The Forty Hours Devotion is a special 40-hour period of continuous prayer made before the Blessed Sacrament in solemn exposition. Of course, the focus of this devotion is on the Holy Eucharist. As Catholics, the words of our Lord burn in our hearts: “I myself am the living bread come down from Heaven. If anyone eats this bread, He shall live forever; the bread I will give is my flesh for the life of the world” (Jn 6:51).
Affirming our belief in the real presence of our Lord in the Blessed Sacrament, the Vatican Council II taught that the Holy Eucharist is “the source and summit of the Christian life” (“Lumen Gentium,” No. 11). While the Mass is the central act of worship for us Catholics, an act which participates in the eternal reality of our Lord?s passion, death and resurrection, Vatican Council II upheld and encouraged the adoration of the Blessed Sacrament outside of Mass. Of course such devotion derives from the sacrifice of the Mass and moves the faithful to both sacramental and spiritual communion with our Lord (“Eucharisticum Mysterium,” No. 50). As Pope Pius XII taught in “Mediator Dei,” “This practice of adoration has a valid and firm foundation.” Our late Holy Father, Pope John Paul II, had repeatedly “highly recommended” public and private devotion of the Blessed Sacrament, including processions on the feast of Corpus Christi and the 40 Hours Devotion (cf. “Dominicae Cecae,” No. 3, “Inaestimabile Donum,” No. 20-22, and “Ecclesia de Eucharistia,” No. 25).
Second, the number 40 has always signified a sacred period of time: the rains during the time of Noah lasted 40 days and nights; the Jews wandered through the desert for 40 years, our Lord fasted and prayed for 40 days before beginning His public ministry. The Forty Hours Devotion remembers that traditional “40-hour period” from our Lord?s burial until the resurrection. Actually in the Middle Ages, the Blessed Sacrament was transferred to the repository, “the Easter Sepulcher,” for this period of time to signify our Lord?s time in the tomb.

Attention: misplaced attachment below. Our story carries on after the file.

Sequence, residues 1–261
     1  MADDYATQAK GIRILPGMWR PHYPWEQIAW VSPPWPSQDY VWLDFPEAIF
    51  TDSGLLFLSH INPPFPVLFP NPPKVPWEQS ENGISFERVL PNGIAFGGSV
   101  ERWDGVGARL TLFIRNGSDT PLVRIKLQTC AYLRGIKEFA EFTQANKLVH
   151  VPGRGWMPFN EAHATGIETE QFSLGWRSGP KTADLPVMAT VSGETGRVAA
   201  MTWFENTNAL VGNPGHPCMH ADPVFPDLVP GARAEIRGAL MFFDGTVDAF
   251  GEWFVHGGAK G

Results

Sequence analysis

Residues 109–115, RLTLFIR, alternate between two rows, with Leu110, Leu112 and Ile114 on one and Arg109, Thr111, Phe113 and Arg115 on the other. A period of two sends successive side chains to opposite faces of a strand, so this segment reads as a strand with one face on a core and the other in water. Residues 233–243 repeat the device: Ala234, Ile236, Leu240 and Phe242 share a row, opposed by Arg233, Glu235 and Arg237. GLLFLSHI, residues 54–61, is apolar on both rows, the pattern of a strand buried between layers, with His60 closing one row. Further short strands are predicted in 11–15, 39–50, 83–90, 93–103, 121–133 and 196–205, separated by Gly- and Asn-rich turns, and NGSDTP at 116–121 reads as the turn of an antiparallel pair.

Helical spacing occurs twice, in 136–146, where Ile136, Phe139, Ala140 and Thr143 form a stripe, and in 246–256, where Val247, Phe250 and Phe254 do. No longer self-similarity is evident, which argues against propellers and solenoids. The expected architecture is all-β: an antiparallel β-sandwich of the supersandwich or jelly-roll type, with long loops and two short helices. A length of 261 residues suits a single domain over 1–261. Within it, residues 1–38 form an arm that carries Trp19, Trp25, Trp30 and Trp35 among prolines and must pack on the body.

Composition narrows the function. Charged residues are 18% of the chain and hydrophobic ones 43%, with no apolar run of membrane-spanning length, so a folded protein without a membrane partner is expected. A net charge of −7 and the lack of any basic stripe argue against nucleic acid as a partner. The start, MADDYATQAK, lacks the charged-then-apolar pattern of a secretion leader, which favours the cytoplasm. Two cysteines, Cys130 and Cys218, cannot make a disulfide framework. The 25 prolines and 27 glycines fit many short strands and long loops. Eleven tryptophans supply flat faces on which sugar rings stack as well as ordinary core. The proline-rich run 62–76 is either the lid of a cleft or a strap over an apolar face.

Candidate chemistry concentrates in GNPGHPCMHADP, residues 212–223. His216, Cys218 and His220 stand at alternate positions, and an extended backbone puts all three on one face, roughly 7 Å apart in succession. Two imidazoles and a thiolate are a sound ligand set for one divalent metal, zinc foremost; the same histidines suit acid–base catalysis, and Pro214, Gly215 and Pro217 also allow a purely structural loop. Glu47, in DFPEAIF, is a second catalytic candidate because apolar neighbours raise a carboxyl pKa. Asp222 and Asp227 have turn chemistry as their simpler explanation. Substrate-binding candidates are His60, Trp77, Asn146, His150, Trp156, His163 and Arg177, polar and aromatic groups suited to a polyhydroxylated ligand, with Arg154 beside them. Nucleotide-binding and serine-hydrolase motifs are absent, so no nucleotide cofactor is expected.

The Forty Hours Devotion begins with a Solemn Mass of Exposition, which concludes with the exposition of the Blessed Sacrament and a procession. The Blessed Sacrament remains on the altar in a monstrance. During the next 40 hours, the faithful gather for personal or public prayer in adoration of our Lord. The Blessed Sacrament is reposed in the tabernacle for the daily Mass, and then returned for exposition after Mass. At the end of the devotions, the Mass of Reposition is offered, again concluding with a procession, benediction and final reposition of the Blessed Sacrament. While the 40-hour period should be continuous, some Churches break up the time, reposing the Blessed Sacrament at night because of security reasons.
The Forty Hours Devotion can be seen almost like a parish mini-retreat or mission. A guest priest may be invited to give a series of homilies. Confessions should be offered and encouraged. Consequently, a most appropriate time to schedule Forty Hours is either Advent or Lent.
While the Forty Hours Devotion nurtures the love of the faithful for our Lord in the Blessed Sacrament, three special dimensions have also surrounded this devotion: the protection from evil and temptation; reparation for our own sins and for the poor souls in purgatory; and deliverance from political, material or spiritual calamities. Here the faithful implore our Lord to pour forth His abundant graces not only for themselves, but their neighbors, not only for their own personal needs, but for those of the world. Such practices are evidenced in the history of this devotion, which we shall explore next.